The political effects of this crisis are likely to be profound. In the medium to long run, the economic distress, piled atop the death toll, could destabilize and even topple many governments. That could wreak havoc on fragile democracies—or renew the case for transparency and good governance, which are hallmarks of liberal democracy. In the near term, the pandemic, with its need for rapid and strong government action, “provides a particularly convincing cover under which autocrats can pursue their agendas.” This cover is rapidly being exploited by autocrats around the world, from Russia to Turkey to Venezuela to Egypt; by pseudo-democrats eager to establish full dictatorship, such as Viktor Orbán of Hungary; and by democratically elected rulers—from the Philippines to India to Poland—intent on silencing free expression. Governments are ramping up information control and digital surveillance of citizens while, in the words of the Human Rights Watch president, Kenneth Roth, “detaining journalists, opposition activists, healthcare workers, and anyone else who dares to criticize the official response to the coronavirus.”
The siren song of strongman rule will be harder to resist if authoritarian regimes appear to be managing the virus more successfully. Democracies must show that they can govern effectively to meet the pressing public-health and economic dimensions of the crisis. Above all, this requires urgent steps to stop the spread of the virus through rigorous social distancing and widespread testing; to shore up the capacity of health systems to treat the sick (through the requisition and manufacturing of personal protective equipment, ventilators, and other crucial medical supplies); to construct new temporary hospital facilities when necessary; and to expedite the testing and development of potential treatments and, ultimately, a vaccine. The U.S. and its democratic partners must also act expeditiously to distribute financial relief to businesses and workers to prevent the deep and unavoidable economic recession from becoming a depression.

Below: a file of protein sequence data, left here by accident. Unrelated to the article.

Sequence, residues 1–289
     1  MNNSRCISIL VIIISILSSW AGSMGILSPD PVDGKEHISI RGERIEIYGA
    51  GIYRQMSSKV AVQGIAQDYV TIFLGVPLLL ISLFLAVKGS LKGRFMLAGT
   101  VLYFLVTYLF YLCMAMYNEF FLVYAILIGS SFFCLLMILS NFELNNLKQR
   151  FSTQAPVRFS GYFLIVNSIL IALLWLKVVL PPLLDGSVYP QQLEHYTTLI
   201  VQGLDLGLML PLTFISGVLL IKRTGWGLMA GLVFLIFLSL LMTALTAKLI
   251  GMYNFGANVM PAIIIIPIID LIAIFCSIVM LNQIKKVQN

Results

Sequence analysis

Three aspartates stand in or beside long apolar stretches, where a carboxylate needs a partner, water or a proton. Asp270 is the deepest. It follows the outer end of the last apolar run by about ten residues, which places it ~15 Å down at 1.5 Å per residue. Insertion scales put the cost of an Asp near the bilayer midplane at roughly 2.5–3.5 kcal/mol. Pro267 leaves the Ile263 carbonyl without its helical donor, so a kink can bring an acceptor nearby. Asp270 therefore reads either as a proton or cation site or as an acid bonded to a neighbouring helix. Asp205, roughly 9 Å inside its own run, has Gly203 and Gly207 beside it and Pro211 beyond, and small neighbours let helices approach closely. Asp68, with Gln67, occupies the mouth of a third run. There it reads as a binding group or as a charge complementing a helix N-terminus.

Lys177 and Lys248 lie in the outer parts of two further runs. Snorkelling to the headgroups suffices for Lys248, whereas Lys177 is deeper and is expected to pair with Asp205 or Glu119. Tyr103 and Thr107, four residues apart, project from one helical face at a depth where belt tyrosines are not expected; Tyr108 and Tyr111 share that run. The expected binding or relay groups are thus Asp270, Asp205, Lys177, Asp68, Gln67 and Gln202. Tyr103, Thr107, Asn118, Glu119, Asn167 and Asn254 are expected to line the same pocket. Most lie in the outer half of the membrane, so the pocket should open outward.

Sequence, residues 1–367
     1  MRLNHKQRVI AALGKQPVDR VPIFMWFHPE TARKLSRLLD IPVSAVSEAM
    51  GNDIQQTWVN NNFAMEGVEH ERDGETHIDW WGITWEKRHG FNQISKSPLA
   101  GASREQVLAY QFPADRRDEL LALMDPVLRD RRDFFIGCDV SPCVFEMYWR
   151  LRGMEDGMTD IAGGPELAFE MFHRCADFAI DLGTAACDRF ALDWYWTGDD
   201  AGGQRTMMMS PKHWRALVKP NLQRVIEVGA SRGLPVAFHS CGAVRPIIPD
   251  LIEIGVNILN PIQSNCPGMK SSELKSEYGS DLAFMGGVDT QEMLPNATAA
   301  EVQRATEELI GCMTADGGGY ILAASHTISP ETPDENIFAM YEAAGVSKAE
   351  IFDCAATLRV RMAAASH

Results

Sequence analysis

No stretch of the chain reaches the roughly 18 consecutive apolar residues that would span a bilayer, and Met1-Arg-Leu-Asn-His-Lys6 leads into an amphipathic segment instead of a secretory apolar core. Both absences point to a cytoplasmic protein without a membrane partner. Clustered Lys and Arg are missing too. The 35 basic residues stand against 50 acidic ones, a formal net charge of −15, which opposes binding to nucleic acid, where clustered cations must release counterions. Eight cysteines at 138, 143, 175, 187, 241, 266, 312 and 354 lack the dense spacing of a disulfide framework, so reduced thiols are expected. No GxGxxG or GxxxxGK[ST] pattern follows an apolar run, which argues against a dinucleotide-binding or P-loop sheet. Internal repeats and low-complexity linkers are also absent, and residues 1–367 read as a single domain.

This leads to a political imperative, which, if not met, could strain and even rupture American democracy. If the COVID-19 contagion persists through or resurges in the fall, the possibilities for a free and fair election on November 3 could be jeopardized. This does not need to happen. The U.S. has half a year to avoid a repeat of the horrible spectacle of the Wisconsin primary last week, when voters, unable to vote by mail, were forced to risk infection by waiting in lines, without proper distancing, to vote at crowded polling stations that had been reduced in number by more than 90 percent. People should be excused from the obligation of going out on Election Day to a polling place where they may face long lines, shared surfaces on which the virus may diffuse, and inadequate numbers of poll workers. Every American who wants to do so should be able to freely vote by mail, or to receive in the mail a ballot that they can drop off at a polling or counting center. If social distancing is the immediate public-health directive for limiting the spread of the virus, distant voting is the clear electoral parallel. Many states require financial and technical assistance (totaling up to $3 billion nationally) to make this option available to all voters, and Congress must appropriate the funds soon.